Jamie Dimon, chief executive officer of JPMorgan Chase & Co.
Jamie Dimon believes cash is king – at least for the time being.
Because of the possibility that higher inflation will force the Federal Reserve to raise interest rates, JPMorgan Chase has been “effectively stockpiling” cash rather than using it to buy Treasuries or other investments, Dimon said at a conference on Monday. According to him, the largest bank in the United States has positioned itself to benefit from rising interest rates, which will allow it to purchase higher-yielding assets.
“We have a lot of cash and capability, and we’re going to be very patient, because I think there’s a very good chance inflation will be more than transitory,” said JPMorgan CEO Jamie Dimon.
“If you look at our balance sheet, we have $500 billion in cash, and we’ve effectively been stockpiling more and more cash waiting for opportunities to invest at higher rates,” Dimon explained. “I expect higher rates and higher inflation, and we’re ready for it.”
Dimon weighed in on the ongoing debate over whether higher inflation is a result of temporary aspects of the reopening, such as raw material shortages or supply chain issues, or if it is more long-term. The current inflationary surge, according to Fed officials, is transitory, which means it will be temporary and short-lived. However, a growing number of voices, including Deutsche Bank economists and hedge fund billionaires, are warning of dire consequences if the Fed ignores inflation.
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Later that day, Morgan Stanley CEO James Gorman told Frost on the Closing Bell that he, too, believes higher inflation will last and that the Fed will be forced to raise rates sooner than expected.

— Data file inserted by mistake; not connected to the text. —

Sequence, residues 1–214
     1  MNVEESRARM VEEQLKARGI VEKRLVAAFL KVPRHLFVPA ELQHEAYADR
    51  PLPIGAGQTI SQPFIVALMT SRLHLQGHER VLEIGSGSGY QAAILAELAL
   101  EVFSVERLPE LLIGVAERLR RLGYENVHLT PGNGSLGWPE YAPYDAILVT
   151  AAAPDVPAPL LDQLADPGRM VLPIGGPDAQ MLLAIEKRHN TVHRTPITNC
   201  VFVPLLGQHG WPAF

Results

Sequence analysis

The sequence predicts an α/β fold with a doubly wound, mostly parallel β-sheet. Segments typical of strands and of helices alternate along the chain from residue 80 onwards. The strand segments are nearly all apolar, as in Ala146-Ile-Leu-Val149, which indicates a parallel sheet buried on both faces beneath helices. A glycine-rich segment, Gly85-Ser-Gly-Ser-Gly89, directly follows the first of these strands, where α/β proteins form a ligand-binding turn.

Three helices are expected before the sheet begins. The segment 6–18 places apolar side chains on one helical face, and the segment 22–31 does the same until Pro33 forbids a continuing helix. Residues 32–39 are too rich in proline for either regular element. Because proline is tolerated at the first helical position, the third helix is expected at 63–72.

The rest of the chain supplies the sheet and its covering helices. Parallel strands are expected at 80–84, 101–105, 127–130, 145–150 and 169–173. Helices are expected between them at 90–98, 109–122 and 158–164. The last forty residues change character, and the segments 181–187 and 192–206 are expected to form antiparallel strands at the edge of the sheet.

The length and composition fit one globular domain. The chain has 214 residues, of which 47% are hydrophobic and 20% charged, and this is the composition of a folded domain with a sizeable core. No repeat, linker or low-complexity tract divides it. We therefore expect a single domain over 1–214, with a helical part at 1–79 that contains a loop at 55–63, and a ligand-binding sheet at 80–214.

“The question is, when will the Fed act?” Gorman stated. “It has to move at some point, and I believe the bias is more likely to be earlier rather than later than what the current dots suggest.”
According to Dimon, JPMorgan’s decision to accumulate cash accounts for roughly half of the decrease in expected net interest income this year. According to him, the other half comes from lower credit card balances. The bank now expects net interest income of $52.5 billion in 2021, down from $55 billion in February.
Dimon touched on several familiar themes during the wide-ranging discussion. He warned that banks were under attack from fintech and Big Tech players such as PayPal, which has a larger market capitalization than nearly all US banks combined.
Despite the fact that “we don’t even think it’s a very good product yet,” Dimon revealed that the bank’s automated investing service You Invest has amassed approximately $50 billion in assets.
According to Dimon, the bank’s second-quarter trading revenue will be “a little north of $6 billion,” down from the “exceptional” period a year ago. Investment banking revenue is expected to be about 20% higher than a year ago, and it could be one of the bank’s best quarters due to strength in mergers and acquisitions advice, as well as equity and debt issuance, he said.